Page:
From late October 2018 through early February 2019 we spent significant time working through new Internal Revenue Code Section 199A that was introduced by the Tax Cuts and Jobs Act of 2017 (TCJA), which some pundits are calling the “Tax Jobs and Cuts Act of 2017″.  This section provides individual taxpayers (including estates and trusts) with a deduction of up to 20% of “qualified business income” received from one or more “passthrough businesses” (S corporations, partnerships, LLCs that do not elect to be taxed as corporations, and sole proprietorships reporting income on Form 1040, Schedules C, E, or F).

This section has an indirect impact on estates and trusts that may own interests in such businesses, with various elements of the calculation passed through to beneficiaries in proportion to their shares of DNI.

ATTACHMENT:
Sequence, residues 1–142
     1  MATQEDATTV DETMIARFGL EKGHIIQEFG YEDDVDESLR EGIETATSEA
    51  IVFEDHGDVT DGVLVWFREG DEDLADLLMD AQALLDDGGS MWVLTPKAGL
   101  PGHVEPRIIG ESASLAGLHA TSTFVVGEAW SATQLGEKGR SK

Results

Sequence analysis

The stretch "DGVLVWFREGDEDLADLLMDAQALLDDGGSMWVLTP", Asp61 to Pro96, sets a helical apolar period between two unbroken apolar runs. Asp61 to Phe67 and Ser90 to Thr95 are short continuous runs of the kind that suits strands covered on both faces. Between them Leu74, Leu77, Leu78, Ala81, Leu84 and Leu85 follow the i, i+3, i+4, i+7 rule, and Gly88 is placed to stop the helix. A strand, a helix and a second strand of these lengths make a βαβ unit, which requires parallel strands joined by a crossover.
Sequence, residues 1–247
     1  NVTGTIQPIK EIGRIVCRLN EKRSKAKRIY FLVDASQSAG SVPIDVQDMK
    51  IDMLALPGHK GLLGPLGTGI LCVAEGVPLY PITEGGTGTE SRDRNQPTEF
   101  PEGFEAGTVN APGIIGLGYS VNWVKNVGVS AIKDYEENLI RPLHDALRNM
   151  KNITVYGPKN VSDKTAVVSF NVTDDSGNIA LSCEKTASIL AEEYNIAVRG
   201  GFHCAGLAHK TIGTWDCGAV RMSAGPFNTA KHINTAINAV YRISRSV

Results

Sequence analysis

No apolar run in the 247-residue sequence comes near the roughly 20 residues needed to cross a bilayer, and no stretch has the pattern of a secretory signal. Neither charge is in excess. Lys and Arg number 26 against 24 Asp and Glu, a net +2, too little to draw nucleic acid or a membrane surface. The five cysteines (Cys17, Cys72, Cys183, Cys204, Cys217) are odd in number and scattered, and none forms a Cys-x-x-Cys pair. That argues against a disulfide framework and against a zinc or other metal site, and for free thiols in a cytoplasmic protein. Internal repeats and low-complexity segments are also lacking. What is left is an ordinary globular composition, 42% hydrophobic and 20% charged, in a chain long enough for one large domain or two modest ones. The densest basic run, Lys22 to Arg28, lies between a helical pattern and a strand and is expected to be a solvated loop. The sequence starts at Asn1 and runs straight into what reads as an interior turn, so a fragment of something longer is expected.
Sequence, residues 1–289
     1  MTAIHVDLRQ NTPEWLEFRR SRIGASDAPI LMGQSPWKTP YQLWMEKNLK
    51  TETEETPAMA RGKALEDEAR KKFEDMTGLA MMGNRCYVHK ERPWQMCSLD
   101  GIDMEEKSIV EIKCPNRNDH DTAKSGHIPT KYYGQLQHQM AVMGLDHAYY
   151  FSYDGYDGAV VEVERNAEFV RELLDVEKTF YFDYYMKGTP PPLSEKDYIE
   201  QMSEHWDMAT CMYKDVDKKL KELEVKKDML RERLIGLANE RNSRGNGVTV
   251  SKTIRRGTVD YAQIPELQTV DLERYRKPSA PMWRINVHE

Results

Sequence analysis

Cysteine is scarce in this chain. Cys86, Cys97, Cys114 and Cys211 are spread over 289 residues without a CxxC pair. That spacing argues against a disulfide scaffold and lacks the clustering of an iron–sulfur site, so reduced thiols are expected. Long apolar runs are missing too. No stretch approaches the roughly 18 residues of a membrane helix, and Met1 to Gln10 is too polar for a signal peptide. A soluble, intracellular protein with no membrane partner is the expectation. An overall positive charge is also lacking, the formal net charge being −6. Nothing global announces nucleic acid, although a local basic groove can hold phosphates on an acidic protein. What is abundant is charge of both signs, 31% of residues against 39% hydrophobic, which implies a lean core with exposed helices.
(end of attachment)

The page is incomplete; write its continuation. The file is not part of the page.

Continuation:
Final Regulations for Section 199A (all 247 pages of them) were released by the IRS on January 18, 2019.  The IRS projects that this calculation will affect 10M taxpayers and consume 25M hours, every year, for the next seven years, until the individual tax portion of the TCJA expires at midnight on 12/31/2025.  Based on a combination of choices that one can make when running these calculations, it is possible to come up with over 648,000 scenarios that must be handled.

Seven new modules for Section 199A have been added to NumberCruncher 2019.00, being released today.  In addition, we have developed a first-of-its-kind visual, interactive, animated solution to these calculations that we believe will cut the learning curve from 30-40 hours to two or three hours.  You will hear more about this in our next communication.

Highlights of 6-in-1 Update

As you can imagine, the above work on Section 199A has put us a bit behind with our e-file testing approvals and our state paper-filing approvals for states other than NC and PA (which have been approved).  See below for details.

General

1) Second Release this season.

2019-032 (2/1/19) *
2019-038 (2/7/19) **